ANA Boeing 777-300ER; JA736A@HKG;05.08.2012671eb

ANA 777-300ER By Aero Icarus

Airlineroute.net is reporting the following schedule, which matches what ANA announced in their press release:

NH174 Tokyo-Narita to Houston departing 11:15am arriving 09:30am [Daily]
NH173 Houston to Tokyo-Narita departing 11:20am arriving 03:20pm(+1 day) [Daily]

The service will start June 12, 2015.

Based on the seat distribution that ANA points out in their press release, 8 First Class, 52 Business Class, and 190 Economy Class seats, it looks like they will send the following 777-300ER configuration to Houston. Their economy class seating does have a premium economy section, but more importantly, they have 9-across in regular economy in what most would consider an odd seating arrangement, 2-4-3. This certainly does not mean that from time to time ANA won’t send one of their more denser configurations to Houston, but their schedule has a nicely fitted aircraft planned for the service.

ANA 777-300ER Configuration

The flight will more than likely use Terminal D, which at this point, really needs a makeover when it comes to lounge options and amenities for passengers. The terminal does not have a ton of food options and walking to Terminal E or C, where such options are more plentiful, is not a quick trip. There is also one lounge that is shared by Star Alliance carriers in Terminal D. It is windowless and the last time I was there it was packed to the gills. I have heard it has been expanded but have yet to see the improvements.

Given United’s recent removal of their second daily flight from Houston to Tokyo-Narita, this route announcement is a little surprising. United had trouble making money on the route using a 777-200ER, which is smaller than the plane ANA plans to use, and had trouble again when the service moved to a 787-8, an even smaller aircraft. Clearly United initially saw a need or they would not have started the second flight. So what prompted this shake up?

United and ANA are put of antitrust immunity joint venture across the Pacific. This allows them to share both revenue and risk on new routes. If one carrier thinks it can market a route better or run a route better, then the airlines discuss it and come to an agreement. In this case, I think ANA sat down with United and pointed out that the latter had dropped a number of services out of Tokyo-Narita, namely Bangkok, and that they, ANA, could do a better job of handling a second frequency to Houston while expanding the coverage in Asia. On the flip side, ANA can provide a lot of connecting traffic to United’s mid-morning departures out of IAH to places like Latin America and the southeast United States.

ANA touts this in their press release citing two route increases, Bangkok and Singapore and they include the following table pointing out southern Asia points that can reach the U.S. via Tokyo-Narita using this new service.

Asia-U.S. Network

That’s really the kicker. You can leave Singapore or Bangkok on one of the midnight flights to Tokyo and connect directly to a flight to Houston.

I have to believe that ANA feels that they can market the service better to south and southeast Asian cities better than United can, especially with United’s recent market retreat there. United simply does not have the presence it used to in Asia and if an Asian carrier can convince travelers to fly with them and share that revenue with United, I am sure United is happy to let them do it.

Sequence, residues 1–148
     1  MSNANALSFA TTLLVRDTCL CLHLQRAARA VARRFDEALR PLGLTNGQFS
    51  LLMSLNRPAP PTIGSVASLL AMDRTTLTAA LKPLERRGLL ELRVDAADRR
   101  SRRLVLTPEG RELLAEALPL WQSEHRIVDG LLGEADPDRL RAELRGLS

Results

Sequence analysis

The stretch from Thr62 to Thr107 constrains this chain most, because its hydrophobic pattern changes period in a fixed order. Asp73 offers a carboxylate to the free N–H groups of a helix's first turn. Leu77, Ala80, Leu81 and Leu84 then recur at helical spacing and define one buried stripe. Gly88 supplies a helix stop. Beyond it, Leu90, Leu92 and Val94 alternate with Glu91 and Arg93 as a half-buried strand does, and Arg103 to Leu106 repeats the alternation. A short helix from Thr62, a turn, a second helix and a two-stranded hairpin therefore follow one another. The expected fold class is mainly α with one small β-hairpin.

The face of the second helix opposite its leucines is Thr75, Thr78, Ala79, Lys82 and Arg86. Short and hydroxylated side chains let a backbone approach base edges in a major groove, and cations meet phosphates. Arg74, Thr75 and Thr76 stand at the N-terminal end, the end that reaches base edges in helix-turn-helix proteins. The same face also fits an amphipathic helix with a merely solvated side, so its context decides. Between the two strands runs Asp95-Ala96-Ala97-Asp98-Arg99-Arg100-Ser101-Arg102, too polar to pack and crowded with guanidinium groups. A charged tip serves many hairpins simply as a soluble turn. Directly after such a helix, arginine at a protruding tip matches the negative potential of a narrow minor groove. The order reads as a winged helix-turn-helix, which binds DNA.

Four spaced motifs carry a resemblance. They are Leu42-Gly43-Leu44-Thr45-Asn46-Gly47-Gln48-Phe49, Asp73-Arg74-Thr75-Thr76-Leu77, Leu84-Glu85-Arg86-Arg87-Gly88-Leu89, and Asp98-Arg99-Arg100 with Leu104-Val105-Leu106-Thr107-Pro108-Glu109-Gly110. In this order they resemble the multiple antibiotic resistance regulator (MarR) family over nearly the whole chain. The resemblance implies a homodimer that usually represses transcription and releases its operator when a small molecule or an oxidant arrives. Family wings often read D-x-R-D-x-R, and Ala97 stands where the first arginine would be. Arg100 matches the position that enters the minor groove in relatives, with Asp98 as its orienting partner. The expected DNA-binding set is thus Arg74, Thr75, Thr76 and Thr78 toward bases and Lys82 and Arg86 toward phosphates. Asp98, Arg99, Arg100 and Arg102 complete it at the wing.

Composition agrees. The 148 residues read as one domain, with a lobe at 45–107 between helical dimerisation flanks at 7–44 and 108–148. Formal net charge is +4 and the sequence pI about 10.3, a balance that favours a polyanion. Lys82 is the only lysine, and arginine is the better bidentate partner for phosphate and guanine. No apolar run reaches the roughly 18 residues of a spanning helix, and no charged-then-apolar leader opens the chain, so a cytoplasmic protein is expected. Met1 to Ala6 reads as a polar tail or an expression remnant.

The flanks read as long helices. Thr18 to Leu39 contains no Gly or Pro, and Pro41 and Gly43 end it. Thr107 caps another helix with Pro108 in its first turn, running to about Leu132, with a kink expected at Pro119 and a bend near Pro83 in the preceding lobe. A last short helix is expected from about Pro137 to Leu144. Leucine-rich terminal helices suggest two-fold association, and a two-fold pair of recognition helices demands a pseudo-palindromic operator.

One tidbit not present in the press release is whether or not United will keep their Tokyo to Singapore service. The flight frequently goes out full and for flyers coming from the east coast of the U.S. it’s an easy connection. I can’t imagine United getting rid of the route, but then again, I didn’t see this ANA service to Houston as being possible, so anything could happen.

It is definitely great for Houston to have more international carriers coming into Terminal D. I want to see how it plays out as oil and gas prices continue to tumble. If the market in Houston contracts a little and consolidates, will all of these flights be sustainable? Only time will tell.

Update 1/15/2013

Air China has made an official announcement. The service will start on July 11, 2013, pending government approval.

Update 1/9/2013

The route was pulled from Air China’s systems not too long after I posted this. However, there are rumors that a private event at the Chinese Consulate in Houston January 15 will be centered around this service. Stay tuned to see what comes out of that event next week!
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Though there has not been a formal announcement from the Houston Airport System nor from Air China, it is now clear from airline schedule information that Air China will begin Beijing-Houston non-stop service in July of 2013. The 4x weekly schedule currently has the flight leaving Beijing at 3pm and arriving in Houston at 3:40pm local time on the same day. The return flight will depart IAH at 1:30am and arrive in Beijing at 5am local time the next day.

Air China is a part of the Star Alliance so the new route will link up perfectly with United’s domestic network out of IAH. This is also a great way to connect to destinations in Asia. Air China serves a large number of Asian destinations out of Beijing and if connecting to another country, there is a 72-hour transit without visa option to get out and see Beijing.

The route will be served by Air China’s new Boeing 777-300ER, with three cabins of service, first, business, and economy. The first class seat is a suite like product configured in a 1-2-1 layout. From the photos it looks like quite the upgrade from what Air China used to offer. You can tour the cabin by watching the video below. The business class seat on the 777-300ER is pretty much identical to what United installed on their ex-Continental international aircraft, a lie-flat seat with a large entertainment screen. And lastly, economy class is configured in a 3-3-3 arrangement with a new inflight entertainment system and a footrest.

It is great to have another international carrier out of Houston and when added to Turkish’s new service starting April, Intercontinental will have thirteen foreign carriers providing flights.